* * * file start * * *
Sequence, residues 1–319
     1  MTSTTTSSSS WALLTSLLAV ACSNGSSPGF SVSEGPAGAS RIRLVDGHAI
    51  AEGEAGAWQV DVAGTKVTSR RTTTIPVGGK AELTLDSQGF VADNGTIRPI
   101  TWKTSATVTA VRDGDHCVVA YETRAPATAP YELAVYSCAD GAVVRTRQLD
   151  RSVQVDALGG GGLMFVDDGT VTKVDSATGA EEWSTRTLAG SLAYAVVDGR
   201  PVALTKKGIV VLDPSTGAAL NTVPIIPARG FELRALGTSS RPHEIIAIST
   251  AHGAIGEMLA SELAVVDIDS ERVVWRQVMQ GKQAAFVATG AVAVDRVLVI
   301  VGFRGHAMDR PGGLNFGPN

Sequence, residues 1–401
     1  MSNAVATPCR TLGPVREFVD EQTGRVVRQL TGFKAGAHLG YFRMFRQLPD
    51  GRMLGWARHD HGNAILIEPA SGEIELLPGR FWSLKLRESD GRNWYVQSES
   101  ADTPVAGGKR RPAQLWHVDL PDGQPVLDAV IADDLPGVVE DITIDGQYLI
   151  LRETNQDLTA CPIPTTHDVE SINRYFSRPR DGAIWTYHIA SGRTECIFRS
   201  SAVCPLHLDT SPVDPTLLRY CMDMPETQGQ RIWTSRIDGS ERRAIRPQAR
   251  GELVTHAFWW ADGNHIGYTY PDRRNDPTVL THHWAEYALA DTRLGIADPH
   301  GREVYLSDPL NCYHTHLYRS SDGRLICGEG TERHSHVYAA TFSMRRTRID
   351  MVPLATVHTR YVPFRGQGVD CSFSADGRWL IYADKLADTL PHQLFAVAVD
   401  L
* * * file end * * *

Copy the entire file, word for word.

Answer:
Sequence, residues 1–319
     1  MTSTTTSSSS WALLTSLLAV ACSNGSSPGF SVSEGPAGAS RIRLVDGHAI
    51  AEGEAGAWQV DVAGTKVTSR RTTTIPVGGK AELTLDSQGF VADNGTIRPI
   101  TWKTSATVTA VRDGDHCVVA YETRAPATAP YELAVYSCAD GAVVRTRQLD
   151  RSVQVDALGG GGLMFVDDGT VTKVDSATGA EEWSTRTLAG SLAYAVVDGR
   201  PVALTKKGIV VLDPSTGAAL NTVPIIPARG FELRALGTSS RPHEIIAIST
   251  AHGAIGEMLA SELAVVDIDS ERVVWRQVMQ GKQAAFVATG AVAVDRVLVI
   301  VGFRGHAMDR PGGLNFGPN

Sequence, residues 1–401
     1  MSNAVATPCR TLGPVREFVD EQTGRVVRQL TGFKAGAHLG YFRMFRQLPD
    51  GRMLGWARHD HGNAILIEPA SGEIELLPGR FWSLKLRESD GRNWYVQSES
   101  ADTPVAGGKR RPAQLWHVDL PDGQPVLDAV IADDLPGVVE DITIDGQYLI
   151  LRETNQDLTA CPIPTTHDVE SINRYFSRPR DGAIWTYHIA SGRTECIFRS
   201  SAVCPLHLDT SPVDPTLLRY CMDMPETQGQ RIWTSRIDGS ERRAIRPQAR
   251  GELVTHAFWW ADGNHIGYTY PDRRNDPTVL THHWAEYALA DTRLGIADPH
   301  GREVYLSDPL NCYHTHLYRS SDGRLICGEG TERHSHVYAA TFSMRRTRID
   351  MVPLATVHTR YVPFRGQGVD CSFSADGRWL IYADKLADTL PHQLFAVAVD
   401  L